- The Washington Times - Friday, August 5, 2005

The Washington Nationals’ anemic offense lost some potential punch when slugger Jose Guillen was scratched from last night’s lineup against the Los Angeles Dodgers with a sore left shoulder.

Guillen, who is the Nationals’ top power hitter with 19 home runs and 58 RBI, has been plagued by a sore shoulder for the past month but has played through the pain. Yesterday, though, it became unbearable, and he had to shut himself down. Guillen is listed as day-to-day.

“It’s really, really sore,” Guillen said. “It’s just dead. It just doesn’t feel like my shoulder is there.”

The right fielder, has played hurt this season with such injuries as a swollen left ankle and a sore rib cage. Guillen originally injured his shoulder sliding home June26 against the Toronto Blue Jays at RFK Stadium.

Guillen would not guarantee he would be back in the lineup for tonight’s series opener against the San Diego Padres at RFK. Guillen said he had an MRI taken on his shoulder but referred all questions to Nationals trainer Tim Abraham.

Guillen has received cortisone injections to alleviate the pain, but his shoulder is not responding. Rookie Ryan Church started for Guillen in right last night.

“I’ve got to learn to shut it down when it’s really sore,” said Guillen, who is hitting .299 with a .506 slugging percentage. “When was the last time I hit a really long fly ball? I don’t know.”

Meanwhile, the Nationals were without catcher Brian Schneider for the second straight game. An MRI taken Monday on Schneider’s right shoulder revealed bursitis, and he is listed as day-to-day.

Armas OK

Right-hander Tony Armas Jr. has missed the better part of the last two seasons recovering from rotator cuff surgery he had on May 23, 2003.

When Armas took himself out of Wednesday’s game after the fifth inning complaining of a sore right shoulder, everyone feared the worst.

However, Armas is not expected to miss his next scheduled turn Tuesday in Houston, but could be pushed back because of Monday’s off day.

Judge to hear petition

Three landowners in the Nationals’ planned stadium site in Southeast will make their case today before a U.S. District Judge for a preliminary injunction to prevent the city’s acquisition of their property.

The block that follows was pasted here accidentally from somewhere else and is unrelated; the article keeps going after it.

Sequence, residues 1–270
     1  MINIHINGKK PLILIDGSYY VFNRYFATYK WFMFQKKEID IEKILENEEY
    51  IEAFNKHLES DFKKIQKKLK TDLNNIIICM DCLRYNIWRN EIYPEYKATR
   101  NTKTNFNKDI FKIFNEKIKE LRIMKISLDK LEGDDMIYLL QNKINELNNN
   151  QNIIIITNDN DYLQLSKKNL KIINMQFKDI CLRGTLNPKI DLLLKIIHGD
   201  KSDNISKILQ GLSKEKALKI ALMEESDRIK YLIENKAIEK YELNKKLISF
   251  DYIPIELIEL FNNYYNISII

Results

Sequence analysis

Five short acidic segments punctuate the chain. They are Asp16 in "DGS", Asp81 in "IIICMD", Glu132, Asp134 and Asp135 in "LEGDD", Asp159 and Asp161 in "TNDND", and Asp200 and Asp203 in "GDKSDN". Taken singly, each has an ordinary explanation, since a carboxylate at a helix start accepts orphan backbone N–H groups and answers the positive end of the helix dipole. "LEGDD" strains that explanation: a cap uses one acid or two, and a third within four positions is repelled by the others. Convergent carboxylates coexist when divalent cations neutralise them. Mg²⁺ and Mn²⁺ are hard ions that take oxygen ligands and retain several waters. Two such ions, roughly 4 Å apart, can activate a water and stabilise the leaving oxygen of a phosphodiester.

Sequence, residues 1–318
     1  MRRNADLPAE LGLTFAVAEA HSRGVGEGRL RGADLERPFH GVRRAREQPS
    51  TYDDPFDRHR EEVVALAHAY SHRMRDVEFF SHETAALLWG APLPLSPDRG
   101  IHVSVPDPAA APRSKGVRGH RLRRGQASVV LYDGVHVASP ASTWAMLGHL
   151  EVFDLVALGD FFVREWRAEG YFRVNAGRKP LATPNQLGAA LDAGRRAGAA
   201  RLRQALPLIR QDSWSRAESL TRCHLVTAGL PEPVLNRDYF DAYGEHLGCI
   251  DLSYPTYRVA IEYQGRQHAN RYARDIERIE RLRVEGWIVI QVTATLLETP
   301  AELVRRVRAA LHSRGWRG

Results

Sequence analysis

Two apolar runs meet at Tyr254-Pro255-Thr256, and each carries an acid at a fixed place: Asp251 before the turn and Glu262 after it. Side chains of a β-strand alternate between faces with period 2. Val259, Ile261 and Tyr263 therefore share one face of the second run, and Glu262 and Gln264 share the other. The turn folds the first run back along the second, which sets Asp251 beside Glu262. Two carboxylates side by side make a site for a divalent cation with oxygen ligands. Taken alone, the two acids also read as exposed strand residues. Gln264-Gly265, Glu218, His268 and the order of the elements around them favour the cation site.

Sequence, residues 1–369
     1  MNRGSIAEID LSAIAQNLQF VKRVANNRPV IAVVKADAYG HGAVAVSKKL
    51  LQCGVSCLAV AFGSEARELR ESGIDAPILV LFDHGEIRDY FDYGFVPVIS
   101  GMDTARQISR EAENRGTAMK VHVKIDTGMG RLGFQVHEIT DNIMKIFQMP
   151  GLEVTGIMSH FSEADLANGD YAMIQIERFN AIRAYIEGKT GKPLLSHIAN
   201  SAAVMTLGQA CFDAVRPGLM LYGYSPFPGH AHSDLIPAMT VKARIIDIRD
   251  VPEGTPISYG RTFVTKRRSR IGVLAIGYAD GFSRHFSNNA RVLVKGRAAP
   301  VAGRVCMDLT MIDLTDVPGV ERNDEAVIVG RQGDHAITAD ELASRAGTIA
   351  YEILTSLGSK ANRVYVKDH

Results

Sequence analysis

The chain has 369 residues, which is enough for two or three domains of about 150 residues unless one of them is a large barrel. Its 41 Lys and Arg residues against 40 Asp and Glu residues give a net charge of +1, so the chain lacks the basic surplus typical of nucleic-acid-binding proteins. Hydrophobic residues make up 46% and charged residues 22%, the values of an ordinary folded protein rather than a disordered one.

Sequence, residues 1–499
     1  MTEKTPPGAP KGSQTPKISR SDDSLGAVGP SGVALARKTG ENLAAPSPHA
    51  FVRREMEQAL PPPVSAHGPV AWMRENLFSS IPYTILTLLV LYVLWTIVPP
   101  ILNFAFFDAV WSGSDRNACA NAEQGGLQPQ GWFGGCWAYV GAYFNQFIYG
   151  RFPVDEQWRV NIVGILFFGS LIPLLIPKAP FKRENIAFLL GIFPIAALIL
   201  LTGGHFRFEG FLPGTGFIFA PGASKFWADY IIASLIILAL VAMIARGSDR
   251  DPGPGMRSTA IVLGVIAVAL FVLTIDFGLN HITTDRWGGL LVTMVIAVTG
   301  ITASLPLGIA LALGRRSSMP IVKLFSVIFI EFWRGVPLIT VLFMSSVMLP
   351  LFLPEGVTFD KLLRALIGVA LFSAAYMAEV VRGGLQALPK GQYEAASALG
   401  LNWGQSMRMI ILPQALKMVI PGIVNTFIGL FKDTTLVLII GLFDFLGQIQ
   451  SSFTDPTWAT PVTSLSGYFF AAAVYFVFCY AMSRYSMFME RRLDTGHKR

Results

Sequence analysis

District officials have begun efforts to acquire 33 pieces of property in the intended stadium footprint, located near the Anacostia River waterfront, with a stated goal of having all the needed land acquired and rezoned by Dec. 31. But the plaintiffs, a collective of commercial and residential property owners, argue the city’s efforts to gain their land would trample upon their civil rights. The lawsuit, in effect, seeks to locate the stadium elsewhere in the city.

The plaintiffs also claim the land acquisition costs for the ballpark will far exceed the $165 million cap established by the D.C. Council.

District officials argue the lawsuit is not within the jurisdiction of the federal court and that the stadium effort easily fits within the eminent domain and land acquisition statues recently expanded upon by the U.S. Supreme Court.

Progress on sale

A Major League Baseball committee overseeing the sale of the Nationals will meet via conference call next week to plot its next steps in the process. MLB intends to select the team’s new owner by the end of the month.

Industry sources said a likely scenario is for MLB to set a desired sales price around $450 million and choose among the bidding groups hitting that number.



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